Local News

Cargo Bomb Plot Originated in Yemen

Cargo planes and trucks in several U.S. cities were inspected Friday after investigators found suspicious packages in at least two locations abroad, law enforcement sources said.

U.S. officials believe that al Qaeda in the Arabian Peninsula, commonly referred to as AQAP, is behind the plot.

One suspicious package, found in the United Kingdom, contained a “manipulated” toner cartridge but tested negative for explosive material, the source said. It led to heightened inspection of arriving cargo flights in Newark, New Jersey, and Philadelphia, Pennsylvania, and a UPS truck in New York.

The package had white powder on it as well as wires and a circuit board; someone shipped it from Sanaa, Yemen, with a final destination of unnamed synagogues in Chicago, Illinois. A similar package has been discovered in Dubai, in the United Arab Emirates, the source said.

The suspicious package from Yemen had wires and a circuit board, a law enforcement source said. A Yemeni diplomat in Washington said his government has opened a full-scale investigation into the incident but it was too early to speculate or reach any conclusions.

Investigators were looking for a “possible nexus to terrorism,” a U.S. official said.

“We are taking this very seriously,” he added.

The US Department of Homeland Security said it “had taken a number of steps to enhance security,” including “heightened cargo screening and additional security at airports.”

“Passengers should continue to expect an unpredictable mix of security layers that include explosives trace detection, advanced imaging technology, canine teams and pat downs, among others,” DHS said in a statement. “As always, we remind the public to remain vigilant and report suspicious activity to local law enforcement.”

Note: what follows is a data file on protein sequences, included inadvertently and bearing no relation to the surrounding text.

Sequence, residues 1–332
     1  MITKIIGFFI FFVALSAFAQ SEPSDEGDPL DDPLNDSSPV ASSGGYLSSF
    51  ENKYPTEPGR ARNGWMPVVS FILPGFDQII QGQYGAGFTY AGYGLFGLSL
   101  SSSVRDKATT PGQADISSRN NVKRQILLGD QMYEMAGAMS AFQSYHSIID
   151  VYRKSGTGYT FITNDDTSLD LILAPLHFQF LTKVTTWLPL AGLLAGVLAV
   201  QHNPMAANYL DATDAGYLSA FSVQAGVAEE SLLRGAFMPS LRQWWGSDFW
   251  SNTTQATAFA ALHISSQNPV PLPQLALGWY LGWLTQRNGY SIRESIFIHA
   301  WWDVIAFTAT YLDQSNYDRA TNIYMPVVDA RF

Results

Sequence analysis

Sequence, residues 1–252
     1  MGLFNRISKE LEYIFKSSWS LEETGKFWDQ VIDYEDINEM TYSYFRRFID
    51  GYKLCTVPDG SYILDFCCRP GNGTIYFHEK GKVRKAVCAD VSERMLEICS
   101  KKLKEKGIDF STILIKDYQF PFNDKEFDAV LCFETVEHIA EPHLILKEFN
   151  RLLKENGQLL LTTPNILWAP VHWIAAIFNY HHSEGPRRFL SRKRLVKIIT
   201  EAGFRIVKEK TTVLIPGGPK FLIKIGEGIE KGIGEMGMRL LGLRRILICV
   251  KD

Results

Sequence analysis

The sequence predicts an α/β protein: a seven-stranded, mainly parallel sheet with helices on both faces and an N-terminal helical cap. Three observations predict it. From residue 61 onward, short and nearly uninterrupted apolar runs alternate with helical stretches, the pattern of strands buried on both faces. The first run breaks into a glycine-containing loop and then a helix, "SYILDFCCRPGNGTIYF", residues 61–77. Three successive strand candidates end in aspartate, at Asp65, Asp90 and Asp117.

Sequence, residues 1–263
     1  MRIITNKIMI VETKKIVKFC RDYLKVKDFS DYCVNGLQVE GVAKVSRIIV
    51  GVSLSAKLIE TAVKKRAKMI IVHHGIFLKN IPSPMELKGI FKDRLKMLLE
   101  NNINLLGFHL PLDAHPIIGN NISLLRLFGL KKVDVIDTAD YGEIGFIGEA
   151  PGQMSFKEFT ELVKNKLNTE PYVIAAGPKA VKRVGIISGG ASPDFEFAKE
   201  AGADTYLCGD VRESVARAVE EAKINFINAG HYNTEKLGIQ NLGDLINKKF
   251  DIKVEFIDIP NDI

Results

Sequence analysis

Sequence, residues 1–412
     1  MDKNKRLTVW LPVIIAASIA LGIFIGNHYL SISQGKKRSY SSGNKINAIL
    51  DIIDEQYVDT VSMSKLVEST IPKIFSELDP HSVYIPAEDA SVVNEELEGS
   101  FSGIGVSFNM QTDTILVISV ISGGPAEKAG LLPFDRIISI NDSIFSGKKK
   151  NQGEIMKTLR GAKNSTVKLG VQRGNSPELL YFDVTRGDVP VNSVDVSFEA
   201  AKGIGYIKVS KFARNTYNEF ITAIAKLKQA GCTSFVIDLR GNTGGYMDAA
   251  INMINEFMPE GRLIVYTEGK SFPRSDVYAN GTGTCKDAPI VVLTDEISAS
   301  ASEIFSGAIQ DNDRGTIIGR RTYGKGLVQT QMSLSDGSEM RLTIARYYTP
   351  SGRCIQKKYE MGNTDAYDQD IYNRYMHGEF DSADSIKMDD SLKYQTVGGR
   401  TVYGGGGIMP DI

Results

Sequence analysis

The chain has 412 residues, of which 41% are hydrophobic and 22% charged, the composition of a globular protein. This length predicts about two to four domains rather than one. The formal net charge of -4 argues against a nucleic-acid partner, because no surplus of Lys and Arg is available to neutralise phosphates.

Some Jewish religious leaders in Chicago were alerted Friday, said Linda Haase, spokeswoman for the Jewish Federation of Metropolitan Chicago.

In the United Kingdom, police were investigating the suspicious package at a freight distribution center at East Midlands Airport, about 100 miles north of London, said airport spokesman Russell Craig. Officials said they were not certain how the package arrived there, whether by air or land.

Authorities seemed most focused on inspecting cargo planes.

Investigators examined two UPS planes that landed at Philadelphia International Airport and another at Newark Liberty International Airport in New Jersey, said Mike Mangeot, a UPS spokesman. Authorities later gave the “all-clear” at the airport in Newark, U.S. and U.K. officials said.

Authorities are focusing on flights coming from Yemen into the United States, according to the source.

The US Transportation and Security Administration said authorities acted “out of an abundance of caution.”

“The planes were moved to a remote location where they are being met by law enforcement officials and swept,” the administration said in a statement.

UPS said it is cooperating with authorities, and its shipment is being removed from the aircraft.

In Philadelphia, three people aboard one plane were removed from the aircraft and scanned with negative results, the Philadelphia Fire Department said. The type of material that may be involved is not known, officials said.

In Newark, investigators examined another UPS plane, Mangeot said. Police determined that there was no threat.

After having a suspicious package confiscated at its Dubai facility, Memphis-based FedEx released a statement saying that the company is cooperating with the FBI and as an additional safety measure has blocked all shipments coming from Yemen.

Peter Neumann, a terrorism analyst with Kings College New York said, “It is not a bomb bit it’s a sinister device which in my view very strongly seems to indicate that we were dealing with dummy devices.”

The National Yemen has since learned that Yemeni security agencies have forcibly closed the UPS and FedEx offices in Yemen.

In New York, the bomb squad responded to a report of a suspected explosive device inside a package aboard a UPS truck, said deputy police commissioner Paul Browne. Police later concluded that the truck at the Metro Tech Center facility contained nothing harmful.